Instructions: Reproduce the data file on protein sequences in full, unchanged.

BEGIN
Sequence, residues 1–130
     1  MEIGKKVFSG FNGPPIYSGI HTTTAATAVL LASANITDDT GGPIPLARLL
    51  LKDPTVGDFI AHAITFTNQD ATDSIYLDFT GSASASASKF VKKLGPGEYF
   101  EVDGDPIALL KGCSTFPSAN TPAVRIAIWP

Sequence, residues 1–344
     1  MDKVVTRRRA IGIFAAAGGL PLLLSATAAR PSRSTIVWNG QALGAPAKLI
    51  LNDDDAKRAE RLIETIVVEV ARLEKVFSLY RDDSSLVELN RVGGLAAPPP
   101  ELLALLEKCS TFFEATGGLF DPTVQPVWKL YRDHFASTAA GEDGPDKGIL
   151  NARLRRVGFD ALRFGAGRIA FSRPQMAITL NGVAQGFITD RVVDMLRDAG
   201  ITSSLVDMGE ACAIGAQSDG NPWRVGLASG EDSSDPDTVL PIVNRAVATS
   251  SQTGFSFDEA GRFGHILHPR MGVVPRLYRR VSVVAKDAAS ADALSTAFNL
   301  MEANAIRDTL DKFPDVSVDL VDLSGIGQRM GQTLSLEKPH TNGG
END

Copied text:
Sequence, residues 1–130
     1  MEIGKKVFSG FNGPPIYSGI HTTTAATAVL LASANITDDT GGPIPLARLL
    51  LKDPTVGDFI AHAITFTNQD ATDSIYLDFT GSASASASKF VKKLGPGEYF
   101  EVDGDPIALL KGCSTFPSAN TPAVRIAIWP

Sequence, residues 1–344
     1  MDKVVTRRRA IGIFAAAGGL PLLLSATAAR PSRSTIVWNG QALGAPAKLI
    51  LNDDDAKRAE RLIETIVVEV ARLEKVFSLY RDDSSLVELN RVGGLAAPPP
   101  ELLALLEKCS TFFEATGGLF DPTVQPVWKL YRDHFASTAA GEDGPDKGIL
   151  NARLRRVGFD ALRFGAGRIA FSRPQMAITL NGVAQGFITD RVVDMLRDAG
   201  ITSSLVDMGE ACAIGAQSDG NPWRVGLASG EDSSDPDTVL PIVNRAVATS
   251  SQTGFSFDEA GRFGHILHPR MGVVPRLYRR VSVVAKDAAS ADALSTAFNL
   301  MEANAIRDTL DKFPDVSVDL VDLSGIGQRM GQTLSLEKPH TNGG